in Christian literature before the end of the seven- teenth ccnturj'. The term Apostolic, however, was commonly vised to qualify Churches, persons, writings, etc. from the early second century, when St. Ignatius, in the exordium of his Epistle to the Trallians, saluted their Church "after the Apostolic manner." In 1672 Jean Baptiste Cotelier (Cotele- rius) published his "SS. Patrum qui temporibus apostolicis floruerunt opera", which title was abbre- viated to "Bibliotheca Patrum Apostolicorum" by L. J. Ittig in his edition (Leipzig, 1699) of the same WTitings. Since then the term has been universally used. The list of Fathers included under this title has varied, literary criticism having removed some who were formerly considered as second-century writers, while the publication (Constantinople, 1883) of the Didache has added one to the list. Chief in importance are the three first-century Bishops: St. Clement of Rome, St. Ignatius of Antioch, and St. Polycarp of Smyrna, of whose intimate personal relations with the Apostles there is no doubt. Clement, Bishop of Rome and third suc- cessor of St. Peter in the Papacy, "had seen the blessed Apostles [Peter and Paul] and had been conversant with them" (Irenipus, Adv. Haer., Ill, iii, 3). Ignatius was the second successor of St. Peter in the See of Antioch (Eusebius, Hist. EccL, III, 36) and during his life in that centre of Christian activity may have met with others of the Apostolic band. An accepted tradition, substantiated by the similarity of Ignatius's thought with the ideas of the Johannine writings, declares him a disciple of St. John. Polycarp was "instructed by Apostles" (Irena-us, op. cit.. Ill, iii, 4) and had been a disciple of St. John (Eusebius, op. cit.. Ill, 36; V, 20) whose contemporary he was for nearly twenty years. Be- sides these, whose rank as Apostolic Fathers in the strictest sense is undisputed, there are two first- century writers whose place with them is generally conceded: the author of the Didache and the author of the "Epistle of Barnabas". The former affirms that his teaching is that of the Apostles, and his work, perhaps the earliest extant piece of uninspired Christian literature, gives colour to his claim; the latter, even if he be not the Apostle and companion of St. Paul, is held by many to have written during the last decade of the first century, and may have come under direct Apostolic influence, though his Epistle does not clearly suggest it. By extension of the term to comprise the extant extra-canonical literature of the sub-Apostolic age, it is made to include the "Shepherd" of Hermas, the New Testament prophet, who was believed to be the one referred to by St. Paul (Rom. xvi, 14), but whom a safer tradition makes a brother of Pope Pius I (c. 140-150); the meagre fragments of the "Expositions of the Di.scour.ses of the Lord", by Papias, who may have been a disciple of St. John (Irenajus, Adv. Hoer., V, 331-334), though more probably he received his teaching at second liand from a "presbyter" of that name (Eusebius, Hist. Eccl., Ill, .39); the " Letter to Diognctus ", the un- known author of which affirms his disciplcsliip with the Apostles, but his claim nm.st be takon in the broad sense of conformity in spirit and (I'lichiiis. In addition to these there were formeriv JMchulrd apocryphal writings of some of the abcive I'allicis, the "Constitutions" and "Canons of the Apostles" and the works accredited to Dionysius the Areopa- gite, who, thoiigh himself a disciple of the Apostles, was not the author of the works bearing his name. Though generally rejected, the homily of Pseudo- Clenient (ICpistola .sccunda dementis) is by some eoMsidcred as being as worthy of a place among the Apo.slohc I'athers, as is its contemporary, the "Shep- herd" of llermas. The period of time covered by these writings ex-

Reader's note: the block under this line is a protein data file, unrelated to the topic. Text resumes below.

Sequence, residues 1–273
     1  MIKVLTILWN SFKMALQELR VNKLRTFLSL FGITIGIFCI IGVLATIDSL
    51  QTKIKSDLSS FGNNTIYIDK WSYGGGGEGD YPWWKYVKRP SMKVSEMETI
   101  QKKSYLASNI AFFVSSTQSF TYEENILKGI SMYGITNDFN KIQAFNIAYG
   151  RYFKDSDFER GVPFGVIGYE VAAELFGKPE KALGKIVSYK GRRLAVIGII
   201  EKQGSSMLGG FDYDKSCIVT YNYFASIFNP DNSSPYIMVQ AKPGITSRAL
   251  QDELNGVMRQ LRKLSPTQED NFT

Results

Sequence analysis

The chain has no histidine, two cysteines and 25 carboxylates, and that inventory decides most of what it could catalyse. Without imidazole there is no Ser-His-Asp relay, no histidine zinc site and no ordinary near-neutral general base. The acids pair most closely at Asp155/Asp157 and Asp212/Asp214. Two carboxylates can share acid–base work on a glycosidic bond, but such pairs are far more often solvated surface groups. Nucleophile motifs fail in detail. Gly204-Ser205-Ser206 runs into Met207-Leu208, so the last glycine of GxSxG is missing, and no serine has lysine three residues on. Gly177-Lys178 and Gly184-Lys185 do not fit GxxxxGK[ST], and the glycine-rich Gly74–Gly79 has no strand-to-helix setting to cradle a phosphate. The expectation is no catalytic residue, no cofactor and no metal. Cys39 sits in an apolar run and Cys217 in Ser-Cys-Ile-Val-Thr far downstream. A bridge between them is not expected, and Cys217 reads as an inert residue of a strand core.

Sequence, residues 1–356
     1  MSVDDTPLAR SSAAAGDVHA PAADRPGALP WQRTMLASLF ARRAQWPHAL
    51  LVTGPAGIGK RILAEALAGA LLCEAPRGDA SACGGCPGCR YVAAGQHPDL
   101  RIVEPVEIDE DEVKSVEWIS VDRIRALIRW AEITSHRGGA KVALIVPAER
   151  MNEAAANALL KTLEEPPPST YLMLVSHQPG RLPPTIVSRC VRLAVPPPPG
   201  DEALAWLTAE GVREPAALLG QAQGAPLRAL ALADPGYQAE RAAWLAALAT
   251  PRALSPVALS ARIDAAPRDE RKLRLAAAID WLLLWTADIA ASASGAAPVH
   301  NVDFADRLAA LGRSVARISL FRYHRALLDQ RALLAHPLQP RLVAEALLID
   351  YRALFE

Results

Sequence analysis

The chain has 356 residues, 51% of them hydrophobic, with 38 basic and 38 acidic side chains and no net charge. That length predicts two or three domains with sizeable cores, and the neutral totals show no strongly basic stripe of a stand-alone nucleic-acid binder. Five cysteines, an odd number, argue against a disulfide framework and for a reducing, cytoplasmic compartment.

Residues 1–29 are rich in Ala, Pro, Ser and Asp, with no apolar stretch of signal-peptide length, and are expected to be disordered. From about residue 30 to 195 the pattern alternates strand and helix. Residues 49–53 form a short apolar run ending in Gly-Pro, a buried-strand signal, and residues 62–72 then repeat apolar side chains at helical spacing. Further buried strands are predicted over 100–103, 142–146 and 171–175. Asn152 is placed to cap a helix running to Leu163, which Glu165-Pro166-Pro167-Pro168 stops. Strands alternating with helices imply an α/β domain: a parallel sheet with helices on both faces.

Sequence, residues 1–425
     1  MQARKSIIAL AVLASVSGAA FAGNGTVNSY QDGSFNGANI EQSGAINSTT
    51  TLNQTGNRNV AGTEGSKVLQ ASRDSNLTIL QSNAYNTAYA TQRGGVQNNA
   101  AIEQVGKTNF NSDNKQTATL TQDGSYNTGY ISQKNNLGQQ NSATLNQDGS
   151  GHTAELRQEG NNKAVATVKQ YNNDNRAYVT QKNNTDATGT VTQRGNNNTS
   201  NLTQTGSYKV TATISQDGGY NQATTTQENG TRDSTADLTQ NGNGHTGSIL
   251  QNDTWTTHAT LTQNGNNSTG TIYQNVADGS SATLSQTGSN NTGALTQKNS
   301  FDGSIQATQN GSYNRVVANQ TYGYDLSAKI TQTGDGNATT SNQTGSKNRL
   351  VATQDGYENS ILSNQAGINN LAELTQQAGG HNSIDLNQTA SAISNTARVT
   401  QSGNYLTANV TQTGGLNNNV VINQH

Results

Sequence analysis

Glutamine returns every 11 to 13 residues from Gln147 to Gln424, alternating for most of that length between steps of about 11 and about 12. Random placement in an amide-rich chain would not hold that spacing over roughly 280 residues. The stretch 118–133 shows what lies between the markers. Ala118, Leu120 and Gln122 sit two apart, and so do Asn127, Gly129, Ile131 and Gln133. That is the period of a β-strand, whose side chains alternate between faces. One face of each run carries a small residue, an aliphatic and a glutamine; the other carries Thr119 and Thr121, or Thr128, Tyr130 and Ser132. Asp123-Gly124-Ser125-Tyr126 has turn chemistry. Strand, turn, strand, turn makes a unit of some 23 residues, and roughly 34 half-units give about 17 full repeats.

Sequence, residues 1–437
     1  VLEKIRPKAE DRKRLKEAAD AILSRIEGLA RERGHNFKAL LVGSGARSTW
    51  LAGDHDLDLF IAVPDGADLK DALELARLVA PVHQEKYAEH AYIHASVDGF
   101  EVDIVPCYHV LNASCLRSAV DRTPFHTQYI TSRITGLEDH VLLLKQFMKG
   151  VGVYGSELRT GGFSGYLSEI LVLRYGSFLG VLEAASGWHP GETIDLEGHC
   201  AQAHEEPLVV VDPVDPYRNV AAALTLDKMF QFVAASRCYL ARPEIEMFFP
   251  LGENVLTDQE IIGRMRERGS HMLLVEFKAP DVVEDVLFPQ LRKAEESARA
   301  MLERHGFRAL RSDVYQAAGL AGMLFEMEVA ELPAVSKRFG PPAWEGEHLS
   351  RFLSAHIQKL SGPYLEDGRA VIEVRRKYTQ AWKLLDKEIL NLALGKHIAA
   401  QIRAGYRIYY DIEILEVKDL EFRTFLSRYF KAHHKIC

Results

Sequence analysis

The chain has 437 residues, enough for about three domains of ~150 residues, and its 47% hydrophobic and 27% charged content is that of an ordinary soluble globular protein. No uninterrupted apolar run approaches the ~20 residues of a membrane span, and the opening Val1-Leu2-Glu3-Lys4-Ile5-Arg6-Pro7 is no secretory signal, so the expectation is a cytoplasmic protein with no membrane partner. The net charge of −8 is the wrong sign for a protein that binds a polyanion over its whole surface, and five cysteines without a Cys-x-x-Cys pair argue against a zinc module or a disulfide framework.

tends from the last two decades of the first century for the Didache (80-100), Clement (c. 97), and probably Pseudo- Barnabas (96-98), through the first half of the second century, the appro.ximate chronology being Ignatius, 110-117; Polycarp, 110-120; Hermas, in its present form, e. 150; Papias, c. 150. Geographically, Rome is repre- sented by Clement and Hermas; Polycarp wrote from Smyrna, whence also Ignatius sent four of the seven epistles which he wrote on his way from An- tioch through Asia Minor; Papias was Bishop of Hierapolis in Phrygia; the Didache was written in Egypt or Syria; the letter of Barnabas in Alex- andria. Tiie writings of the Apostolic Fathers are generally epistolary in form, after the fashion of the canonical Epistles, and were written, for the greater part, not for the purpose of instructing Christians at large, but for the guidance of individuals or local churches in some passing need. Happily, the WTiters so amplified tlieir theme that they combine to give a precious picture of the Christian community in the age which follows the death of St. John. Thus Clement, in paternal solicitude for the Churches com- mitted to his care, endeavours to heal a dissension at Corinth and insists on the principles of unity and submission to authority, as best conduci^•e to peace; Ignatius, fervent in his gratitude to the Churches which solaced him on his way to martyrdom, sends back letters of recognition, filled with admonitions against the prevailing heresy and highly spiritual exhortations to keep unity of faith in submission to the bishops; Polycarp, in forwarding Ignatian letters to Philippi, sends, as requested, a simple letter of advice and encouragement. The letter of Pseudo- Barnabas and that to Diognetus, the one polemical, the other apologetic in tone, while retaining the same form, seem to liave in view a wider circle of readers. The other three are in the form of treatises: the Didache, a manual of moral and liturgical in- struction; the "Shepherd", a book of edification, apocalyptic in form, is an allegorical representation of the Church, the faults of her children and their need of penance; the "Expositions" of Papias, an exegetical commentary on the Gospels.
Written under such circumstances, the works of the Apostolic Fathers are not characterized by sys- tematic expositions of doctrine or brilliancy of style. " Diognetus " alone evidences literary skill and refine- ment. Ignatius stands out in relief by his striking personality and depth of view. Each writes for his present purpose, with a view primarily to the actiial needs of his auditors, but, in the exuberance of primitive charity and enthusiasm, his heart ])oiirs out its message of fidelity to the glorious Apostolic heritage, of encouragement in present difficulties, of solicitude for the future with its threatening dan- gers. The dominant tone is that of fervent tlexotion to the brethren in the Faith, revealing thcdeptli an<l breadth of the zeal which was imparted to the writci-s by the Apostles. The letters of the three bishops, together with the Didache, voice sincerest praise of the Apostles, whose memory the writers hold in deep filial devotion; but their recognition of the una|)- proachable superiority of their masters is equally well borne out by the absence in their letters of that distinctly inspired tone that marks the Apostles' writings. More abrupt, however, is the transition between the unpretentious style of the Apostolic Fathers and the scientific form of the treati.'ies of the Fathers of the subsequent periods. The fer\onl. piety, the afterglow of the day of Apostolic spiritu- ality, was noti to be found again in such fullness and simplicity. Letters breathing such sympathy and .solicitude were held in high esteem by the early Christians and by some were given an autliorily little inferior to that of the Scriptures. The I'"i])istU' of Clement was read in the Sunday assemblies at